The Power of Words to Influence Behavior
Ever wonder why a medium soda at Jack in the box soda is a size of a tub and why Starbucks insists calling it’s small drink a tall?
Well here is something to chew on. A new study from the Cornell Food Brand Lab found that simply calling the same portion of spaghetti “double-size” caused the diners to eat considerably less. The group thinking they were eating double-sized meals left 10x as much food leftover. Yes, just the IDEA that they were eating a large portion made them eat less! (Some diet strategy gem is here somewhere…)
Words, especially those found in advertising, can be powerful in shaping our behavior. Another finding showed that drinkers who thought the wine they were given was expensive, thought that it tasted better then when they thought it was inexpensive.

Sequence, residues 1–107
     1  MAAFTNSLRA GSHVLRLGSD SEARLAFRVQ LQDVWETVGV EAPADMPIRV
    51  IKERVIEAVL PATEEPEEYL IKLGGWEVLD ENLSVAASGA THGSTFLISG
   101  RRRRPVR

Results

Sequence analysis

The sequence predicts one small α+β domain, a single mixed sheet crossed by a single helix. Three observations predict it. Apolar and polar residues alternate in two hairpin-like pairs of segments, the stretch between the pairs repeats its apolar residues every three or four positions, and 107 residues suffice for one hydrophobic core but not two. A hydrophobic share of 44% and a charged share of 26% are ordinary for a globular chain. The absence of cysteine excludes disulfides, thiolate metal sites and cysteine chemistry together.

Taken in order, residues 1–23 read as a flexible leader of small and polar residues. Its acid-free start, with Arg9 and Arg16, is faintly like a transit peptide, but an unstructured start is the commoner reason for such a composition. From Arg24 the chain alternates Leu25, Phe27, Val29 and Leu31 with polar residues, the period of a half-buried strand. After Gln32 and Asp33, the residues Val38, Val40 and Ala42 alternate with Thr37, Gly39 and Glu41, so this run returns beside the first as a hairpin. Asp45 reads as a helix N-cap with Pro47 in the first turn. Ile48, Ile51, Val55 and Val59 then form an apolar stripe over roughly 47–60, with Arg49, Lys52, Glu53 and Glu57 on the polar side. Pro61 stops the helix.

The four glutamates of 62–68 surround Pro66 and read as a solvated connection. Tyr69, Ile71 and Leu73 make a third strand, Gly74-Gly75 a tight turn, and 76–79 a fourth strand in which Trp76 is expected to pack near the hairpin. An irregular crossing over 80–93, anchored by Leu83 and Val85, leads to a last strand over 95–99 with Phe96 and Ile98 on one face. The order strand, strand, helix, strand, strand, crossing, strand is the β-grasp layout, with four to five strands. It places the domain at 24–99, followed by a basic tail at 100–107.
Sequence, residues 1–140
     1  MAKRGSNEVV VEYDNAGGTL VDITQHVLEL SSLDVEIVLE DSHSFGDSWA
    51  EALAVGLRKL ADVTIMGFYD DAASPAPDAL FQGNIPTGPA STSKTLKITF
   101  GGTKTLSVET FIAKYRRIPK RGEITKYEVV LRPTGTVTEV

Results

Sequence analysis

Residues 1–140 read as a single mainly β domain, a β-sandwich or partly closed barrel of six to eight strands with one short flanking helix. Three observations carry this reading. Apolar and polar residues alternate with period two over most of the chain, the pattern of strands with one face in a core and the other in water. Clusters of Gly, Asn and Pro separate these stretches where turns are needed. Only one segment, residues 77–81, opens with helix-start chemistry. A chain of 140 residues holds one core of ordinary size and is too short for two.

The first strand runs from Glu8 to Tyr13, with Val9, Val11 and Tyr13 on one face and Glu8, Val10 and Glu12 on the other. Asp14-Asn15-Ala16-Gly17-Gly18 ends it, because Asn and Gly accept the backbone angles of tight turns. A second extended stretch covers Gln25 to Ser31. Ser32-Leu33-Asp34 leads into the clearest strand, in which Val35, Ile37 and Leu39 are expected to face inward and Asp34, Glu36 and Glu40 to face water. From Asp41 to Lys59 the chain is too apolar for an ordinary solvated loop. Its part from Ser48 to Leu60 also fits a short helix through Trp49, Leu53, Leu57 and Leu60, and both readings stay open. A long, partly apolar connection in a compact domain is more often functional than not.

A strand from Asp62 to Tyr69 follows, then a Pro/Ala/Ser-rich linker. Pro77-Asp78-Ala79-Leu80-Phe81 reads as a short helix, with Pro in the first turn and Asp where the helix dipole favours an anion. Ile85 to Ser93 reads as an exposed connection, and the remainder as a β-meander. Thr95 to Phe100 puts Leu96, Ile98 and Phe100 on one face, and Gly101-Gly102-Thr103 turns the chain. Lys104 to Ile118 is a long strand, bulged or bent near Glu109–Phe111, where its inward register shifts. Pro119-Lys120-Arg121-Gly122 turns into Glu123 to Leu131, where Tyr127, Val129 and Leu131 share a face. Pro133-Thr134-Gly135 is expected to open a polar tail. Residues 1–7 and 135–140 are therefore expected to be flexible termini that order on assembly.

Whether in advertising, branding, or simply creating product names, words can be a powerful influencer of consumer behavior. You may be eating more simply because the portion is described as “small”. Another way this manifests itself in the restaurant world, is the increasingly high price tag coupled with the ridiculous large portions that should feed a small family. Yet marketers know, if they can set the expectation, then people would come to think it is normal to expect large quantities and eat larger portions.
- Know of any “odd” product size names?
- Does a “tall” instead of a “small” at starbucks make you feel you are getting more for your money?
- Can anyone guess where that picture of pad thai is from?
Yea! I quite agree with you, when you present something to people the way you want it, it gets to be part of their sub-concious mind.